How do I buy a car at an online car auction?

Buying a car at an online car auction requires an account with an online auction service. It's usually free to set up. Some sites offer paid memberships with additional benefits. Many online auction sites require a deposit before you're allowed to bid, but they automatically apply the deposit toward the cost of your winning bid. There are dealer-only online car auctions, but public online car auctions offer a bigger selection.

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What kinds of online car auctions are there?

Online car auctions generally fall into two categories: public auctions and dealer-only auctions. With an online public car auction, anyone can participate. For dealer car auctions online, you may need to have a license from your state to participate. In some states, you may be able to work with a broker who can act as a licensed dealer on your behalf. Check with your state's department of motor vehicles to determine what's possible where you live.

What is the difference between public and dealer-only online auctions?

Public online auctions

You'll encounter a much broader range of cars when shopping for online public auction cars. They can come from commercial, government, or rental fleets. They could be salvage-title vehicles due to flood damage or accidents that an insurance company deemed too expensive to repair. They may have been repossessed by a bank or confiscated by the police. Even exotic, classic, and other collectible cars appear in public online auctions.

Dealer-only online auctions

On the selling side, dealer-only online auctions are for dealerships looking to unload cars that aren't selling or can't be sold for enough of a profit at their dealership. On the buying side, dealer-only online auctions are for dealerships looking to add cars to their used-car inventory. They're looking for cars that can be sold for a decent profit.

Buying from an online car auction vs. buying online from a dealership

When you buy a car online from a dealership's website, you'll get a car fully reconditioned. Dealers can also put a used car through a rigorous certified-used inspection process, and it may come with an extended car warranty. When you buy from an online auction website, you'll be buying the car as-is, though you may be able to get the car inspected before the auction starts. Check with the auction organizer beforehand to see what inspection options they offer.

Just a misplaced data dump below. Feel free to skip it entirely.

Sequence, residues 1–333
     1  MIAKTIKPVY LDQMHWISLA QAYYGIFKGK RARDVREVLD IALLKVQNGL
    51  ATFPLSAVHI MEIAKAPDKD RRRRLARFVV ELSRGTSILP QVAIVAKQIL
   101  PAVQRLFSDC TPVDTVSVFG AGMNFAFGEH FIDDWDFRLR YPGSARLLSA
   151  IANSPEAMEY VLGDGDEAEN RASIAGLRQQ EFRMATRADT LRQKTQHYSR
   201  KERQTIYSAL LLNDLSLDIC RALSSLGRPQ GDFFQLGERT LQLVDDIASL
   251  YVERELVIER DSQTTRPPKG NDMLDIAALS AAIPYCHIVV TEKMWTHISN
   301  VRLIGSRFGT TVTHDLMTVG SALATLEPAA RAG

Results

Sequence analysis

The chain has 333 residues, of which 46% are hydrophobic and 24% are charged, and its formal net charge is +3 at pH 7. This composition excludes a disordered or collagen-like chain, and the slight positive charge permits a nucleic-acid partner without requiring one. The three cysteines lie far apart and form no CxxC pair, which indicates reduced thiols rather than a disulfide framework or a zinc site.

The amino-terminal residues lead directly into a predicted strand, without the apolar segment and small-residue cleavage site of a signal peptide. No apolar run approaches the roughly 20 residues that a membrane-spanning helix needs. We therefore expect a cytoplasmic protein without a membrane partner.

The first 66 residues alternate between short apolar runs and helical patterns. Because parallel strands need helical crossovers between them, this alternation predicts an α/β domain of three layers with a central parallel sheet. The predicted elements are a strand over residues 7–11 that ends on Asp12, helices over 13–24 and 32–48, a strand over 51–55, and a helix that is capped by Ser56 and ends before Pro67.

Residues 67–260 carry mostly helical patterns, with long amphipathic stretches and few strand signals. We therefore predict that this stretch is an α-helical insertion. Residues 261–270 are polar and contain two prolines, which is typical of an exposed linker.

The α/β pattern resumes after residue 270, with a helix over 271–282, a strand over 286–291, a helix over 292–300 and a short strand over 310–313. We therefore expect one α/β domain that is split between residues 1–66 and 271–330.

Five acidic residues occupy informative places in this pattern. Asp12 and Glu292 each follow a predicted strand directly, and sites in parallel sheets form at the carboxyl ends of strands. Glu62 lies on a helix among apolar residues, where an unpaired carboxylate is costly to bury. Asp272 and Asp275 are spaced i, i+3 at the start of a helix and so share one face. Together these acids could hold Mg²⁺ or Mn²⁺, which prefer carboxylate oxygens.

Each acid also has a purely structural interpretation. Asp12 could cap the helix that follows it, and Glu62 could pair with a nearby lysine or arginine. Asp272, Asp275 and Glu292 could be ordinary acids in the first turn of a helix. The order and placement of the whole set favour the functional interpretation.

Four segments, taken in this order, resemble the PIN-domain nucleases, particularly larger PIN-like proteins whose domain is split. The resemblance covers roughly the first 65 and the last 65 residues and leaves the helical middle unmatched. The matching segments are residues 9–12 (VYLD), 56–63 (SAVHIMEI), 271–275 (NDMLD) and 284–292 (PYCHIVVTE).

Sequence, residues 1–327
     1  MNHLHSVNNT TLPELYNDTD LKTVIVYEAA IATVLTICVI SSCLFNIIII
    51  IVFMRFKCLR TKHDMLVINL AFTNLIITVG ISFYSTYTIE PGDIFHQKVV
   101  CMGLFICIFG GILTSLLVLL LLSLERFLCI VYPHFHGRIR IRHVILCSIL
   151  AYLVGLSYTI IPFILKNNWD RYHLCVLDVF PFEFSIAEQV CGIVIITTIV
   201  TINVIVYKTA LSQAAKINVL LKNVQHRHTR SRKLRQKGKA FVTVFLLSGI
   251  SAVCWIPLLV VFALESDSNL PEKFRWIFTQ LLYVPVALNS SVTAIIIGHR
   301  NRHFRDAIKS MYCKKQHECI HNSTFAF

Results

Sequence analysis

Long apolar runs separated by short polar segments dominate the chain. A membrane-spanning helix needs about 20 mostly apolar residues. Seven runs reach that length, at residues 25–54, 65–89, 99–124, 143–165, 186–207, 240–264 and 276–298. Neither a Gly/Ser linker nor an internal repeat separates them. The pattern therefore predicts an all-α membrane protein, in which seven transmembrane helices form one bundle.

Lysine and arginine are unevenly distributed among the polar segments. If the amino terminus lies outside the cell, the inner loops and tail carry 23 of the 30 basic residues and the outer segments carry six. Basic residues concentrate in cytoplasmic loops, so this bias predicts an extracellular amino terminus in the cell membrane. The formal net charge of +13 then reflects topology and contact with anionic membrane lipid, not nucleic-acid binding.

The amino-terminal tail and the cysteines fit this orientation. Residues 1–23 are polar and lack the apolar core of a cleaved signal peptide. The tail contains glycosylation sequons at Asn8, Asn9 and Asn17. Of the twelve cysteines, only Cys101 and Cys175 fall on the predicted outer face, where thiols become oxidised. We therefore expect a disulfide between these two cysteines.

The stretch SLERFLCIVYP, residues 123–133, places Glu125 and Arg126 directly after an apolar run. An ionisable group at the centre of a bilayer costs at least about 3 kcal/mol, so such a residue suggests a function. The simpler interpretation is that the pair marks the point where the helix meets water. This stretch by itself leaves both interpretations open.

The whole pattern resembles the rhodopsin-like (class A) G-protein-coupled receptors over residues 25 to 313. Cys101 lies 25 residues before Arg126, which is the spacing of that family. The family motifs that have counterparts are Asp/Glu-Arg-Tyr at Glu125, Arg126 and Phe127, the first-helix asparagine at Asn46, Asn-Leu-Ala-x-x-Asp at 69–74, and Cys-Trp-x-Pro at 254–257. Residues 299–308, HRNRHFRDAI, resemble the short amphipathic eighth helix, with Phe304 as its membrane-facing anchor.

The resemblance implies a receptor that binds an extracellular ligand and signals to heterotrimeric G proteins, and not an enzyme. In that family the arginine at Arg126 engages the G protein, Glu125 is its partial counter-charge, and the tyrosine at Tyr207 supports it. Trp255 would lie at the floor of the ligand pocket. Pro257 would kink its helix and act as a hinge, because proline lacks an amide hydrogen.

How do I get a license to buy cars at auctions for dealers?

Your state's department of motor vehicles should lay out all the rules and regulations you'll need to follow to get a license for buying cars at dealer auctions online. They vary from state to state, but the kinds of requirements you'll encounter include:

  • Applications and fees
  • Business license, business plan, and proof of auto insurance
  • Deed or lease for your dealership location
  • Surety bond for consumer protection
  • Tax IDs for processing sales and employment taxes
  • Personal information to run background checks

In other words, it only makes sense for people who are actually in the business of buying and selling cars for a living to get a dealer's license.

Pros and cons of buying cars at an online auction

On the plus side, you're bound to find a much broader range of cars and prices via online car auctions than you would by visiting car dealerships. You may be able to get the car you want for a much lower price than at a dealership — thousands of dollars less, in some cases. It's generally more convenient, with no salesperson pressure, and you can even have the car delivered to you.

The most significant potential downside is that you're buying a car as-is. You'll rely upon the information provided, and you may not have the opportunity to inspect the car in person or have a qualified mechanic do it for you. So it pays to do as much research as possible before placing a bid.

Buying online also means it's not always easy to verify the vehicle identification number (VIN). The VIN usually appears in multiple places on a given car. When a car has more than one VIN, this can indicate it wasn't properly reported as a salvaged vehicle. It also could mean the car was previously stolen or rebuilt using parts from one or more additional cars.

Can I get car insurance on a car I buy in an online auction?

No special insurance conditions apply to cars bought and sold at auction. The only time you won't be able to get insurance on a car you bought at an auction is if it has a salvage title. But that rule applies to every salvage-titled car, regardless of where or how you purchased it.

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